Tucson Map and Flag going out of business

Tucson Map and Flag closing down a victim of the digital age

TUCSON, Ariz. (KOLD News 13) - Tucson Map and Flag has been a staple in Tucson for 54 years, located at 3239 N. First Ave.

It is closing its doors on May 31, 2019, a victim of the digital age.

“The market keeps shrinking,” said 68-year-old owner Charles Smith. “You just don’t have the market for it.”

Paper maps have, for the most part, been replaced by maps on the web. There’s still a market for paper, but not enough.

"I've been told it's definitely age related," Smith saide. "If you're 45 or older you want a physical map in front of you but if you're under 45, the phone or a computer works for you."

However, Smith is getting out of the business for anther reason.

"I'm the middle of the baby boomers and baby boomers are retiring," he said. "They're saying, I don't want to work anymore."

So many map makers and producers are 70+ and are leaving the business. That in turn has limited his suppliers as well.

It's not a business which attracts newcomers.

He's tried to sell the business but "there's nobody interested in it, there's nobody to buy it."

He is beginning an online concierge business to keep him busy and likely, to make the transition to retirement a bit easier.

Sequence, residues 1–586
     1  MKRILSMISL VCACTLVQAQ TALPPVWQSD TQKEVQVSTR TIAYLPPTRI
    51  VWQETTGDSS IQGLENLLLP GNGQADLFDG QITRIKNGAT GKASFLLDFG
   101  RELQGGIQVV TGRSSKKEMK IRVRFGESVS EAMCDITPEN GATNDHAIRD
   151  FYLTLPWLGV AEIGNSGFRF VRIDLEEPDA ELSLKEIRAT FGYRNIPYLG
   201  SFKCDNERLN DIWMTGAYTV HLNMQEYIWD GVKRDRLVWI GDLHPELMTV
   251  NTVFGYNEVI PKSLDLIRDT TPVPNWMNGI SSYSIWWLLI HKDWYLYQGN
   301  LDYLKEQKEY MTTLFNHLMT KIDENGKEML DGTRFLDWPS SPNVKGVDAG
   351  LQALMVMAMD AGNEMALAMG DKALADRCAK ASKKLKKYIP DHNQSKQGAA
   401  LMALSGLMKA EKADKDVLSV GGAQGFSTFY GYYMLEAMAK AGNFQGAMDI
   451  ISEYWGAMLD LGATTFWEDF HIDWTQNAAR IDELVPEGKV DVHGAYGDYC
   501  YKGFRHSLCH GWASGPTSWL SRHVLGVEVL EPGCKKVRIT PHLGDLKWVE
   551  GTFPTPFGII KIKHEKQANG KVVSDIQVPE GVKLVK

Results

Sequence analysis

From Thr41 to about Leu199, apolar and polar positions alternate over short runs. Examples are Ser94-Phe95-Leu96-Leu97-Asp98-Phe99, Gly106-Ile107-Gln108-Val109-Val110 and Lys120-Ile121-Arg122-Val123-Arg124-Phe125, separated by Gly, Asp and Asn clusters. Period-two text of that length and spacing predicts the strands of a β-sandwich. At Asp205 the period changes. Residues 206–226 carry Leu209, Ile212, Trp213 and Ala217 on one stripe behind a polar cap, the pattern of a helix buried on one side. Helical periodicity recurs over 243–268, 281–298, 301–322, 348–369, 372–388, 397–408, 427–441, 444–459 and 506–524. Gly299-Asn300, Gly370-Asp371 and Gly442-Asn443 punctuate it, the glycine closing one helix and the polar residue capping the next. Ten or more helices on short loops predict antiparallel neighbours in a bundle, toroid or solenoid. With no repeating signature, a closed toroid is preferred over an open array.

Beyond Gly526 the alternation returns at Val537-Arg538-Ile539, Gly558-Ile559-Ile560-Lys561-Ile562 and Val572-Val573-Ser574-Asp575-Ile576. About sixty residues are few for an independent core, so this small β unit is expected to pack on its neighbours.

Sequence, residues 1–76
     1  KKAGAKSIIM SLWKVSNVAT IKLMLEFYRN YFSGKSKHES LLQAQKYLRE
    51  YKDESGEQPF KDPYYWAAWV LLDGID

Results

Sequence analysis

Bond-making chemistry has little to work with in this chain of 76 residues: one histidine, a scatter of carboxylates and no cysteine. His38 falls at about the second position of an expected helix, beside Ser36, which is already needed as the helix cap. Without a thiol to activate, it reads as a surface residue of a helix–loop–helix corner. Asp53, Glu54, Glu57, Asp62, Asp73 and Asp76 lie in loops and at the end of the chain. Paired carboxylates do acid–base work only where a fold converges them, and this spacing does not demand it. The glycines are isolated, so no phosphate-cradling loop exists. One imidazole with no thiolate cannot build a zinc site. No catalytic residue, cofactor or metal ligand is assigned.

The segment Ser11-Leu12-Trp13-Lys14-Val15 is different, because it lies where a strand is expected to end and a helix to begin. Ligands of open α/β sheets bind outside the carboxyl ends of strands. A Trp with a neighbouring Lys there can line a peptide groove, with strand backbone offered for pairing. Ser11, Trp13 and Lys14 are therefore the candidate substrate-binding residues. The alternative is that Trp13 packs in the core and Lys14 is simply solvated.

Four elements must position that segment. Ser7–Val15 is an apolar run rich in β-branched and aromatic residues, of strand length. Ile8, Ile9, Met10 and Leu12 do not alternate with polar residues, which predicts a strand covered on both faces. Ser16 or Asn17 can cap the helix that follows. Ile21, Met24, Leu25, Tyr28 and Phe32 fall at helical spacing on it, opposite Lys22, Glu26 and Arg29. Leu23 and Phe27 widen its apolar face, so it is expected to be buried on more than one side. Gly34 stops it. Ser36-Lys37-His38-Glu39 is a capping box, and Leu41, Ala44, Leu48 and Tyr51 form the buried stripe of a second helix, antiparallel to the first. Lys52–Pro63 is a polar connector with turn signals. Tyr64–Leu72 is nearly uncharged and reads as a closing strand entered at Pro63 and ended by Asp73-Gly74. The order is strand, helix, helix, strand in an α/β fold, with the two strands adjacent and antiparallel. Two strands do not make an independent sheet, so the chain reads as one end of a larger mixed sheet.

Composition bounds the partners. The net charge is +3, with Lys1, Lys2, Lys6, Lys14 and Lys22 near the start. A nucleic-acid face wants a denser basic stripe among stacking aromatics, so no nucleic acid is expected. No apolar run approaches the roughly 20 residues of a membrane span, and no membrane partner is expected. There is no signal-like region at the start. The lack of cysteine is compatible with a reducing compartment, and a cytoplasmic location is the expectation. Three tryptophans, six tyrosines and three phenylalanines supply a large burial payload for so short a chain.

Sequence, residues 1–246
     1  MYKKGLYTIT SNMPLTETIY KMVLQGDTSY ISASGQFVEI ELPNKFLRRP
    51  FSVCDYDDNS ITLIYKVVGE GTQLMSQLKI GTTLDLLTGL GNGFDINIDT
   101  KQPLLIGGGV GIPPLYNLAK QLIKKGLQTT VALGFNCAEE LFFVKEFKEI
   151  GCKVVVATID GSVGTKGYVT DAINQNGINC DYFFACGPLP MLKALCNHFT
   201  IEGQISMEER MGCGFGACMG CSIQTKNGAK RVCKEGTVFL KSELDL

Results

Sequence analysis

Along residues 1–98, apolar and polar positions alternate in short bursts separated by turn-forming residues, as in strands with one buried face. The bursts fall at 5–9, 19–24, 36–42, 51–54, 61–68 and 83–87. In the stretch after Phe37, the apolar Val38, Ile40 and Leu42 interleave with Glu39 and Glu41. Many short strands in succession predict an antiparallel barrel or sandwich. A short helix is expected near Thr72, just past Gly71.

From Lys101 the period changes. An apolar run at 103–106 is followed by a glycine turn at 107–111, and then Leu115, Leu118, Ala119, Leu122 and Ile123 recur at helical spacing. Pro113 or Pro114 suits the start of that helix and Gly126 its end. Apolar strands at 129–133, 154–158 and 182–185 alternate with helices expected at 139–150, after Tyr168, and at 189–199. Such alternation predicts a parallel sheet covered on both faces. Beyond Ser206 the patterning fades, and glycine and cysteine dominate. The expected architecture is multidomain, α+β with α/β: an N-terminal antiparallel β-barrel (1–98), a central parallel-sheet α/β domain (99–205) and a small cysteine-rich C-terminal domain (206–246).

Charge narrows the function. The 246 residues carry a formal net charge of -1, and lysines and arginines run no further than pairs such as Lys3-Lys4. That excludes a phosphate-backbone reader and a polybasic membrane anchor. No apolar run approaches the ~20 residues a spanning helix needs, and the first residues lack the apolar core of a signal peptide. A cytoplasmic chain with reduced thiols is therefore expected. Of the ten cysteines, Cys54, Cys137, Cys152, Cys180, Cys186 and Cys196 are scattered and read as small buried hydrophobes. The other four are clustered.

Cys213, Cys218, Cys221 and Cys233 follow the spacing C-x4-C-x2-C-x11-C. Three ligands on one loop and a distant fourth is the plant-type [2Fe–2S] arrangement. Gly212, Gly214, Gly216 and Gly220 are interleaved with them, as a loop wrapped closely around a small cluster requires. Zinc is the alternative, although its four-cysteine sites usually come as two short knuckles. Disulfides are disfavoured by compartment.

"I won't have a physical store," he said. "My wife tells me every once in a while, you have a brick and mortar store but it's between your ears."

Smith graduated from Ball State University in Indiana in 1973 but moved to Arizona to get a Master's degree in geography.

Instead, he received a sign, literally.

"As I was driving along, I saw this sign that was part of a beacon saying Tucson's Map and Flag Center," he said. "I said that would be a good place for somebody that's studying geography."

One thing led to another and soon he became the owner in 1989.

What he will miss most he says, is the interaction he has with his customers.

“You know you’re a success in business not by the size of your bank account,” he said. “But by how people remember you.”

Since he announced his closing three weeks ago, he says he has shaken more hands than he did in 30 years as long time customers have come in to say goodbye and browse the store.

He has sold 85 percent of his inventory, the rest he will sell on eBay, likely to many people looking for a bit of nostalgia.

“It’s one of those things,” he said. “People are saying why should I spend money for a map which is going to get damaged when I can have it on my phone.”

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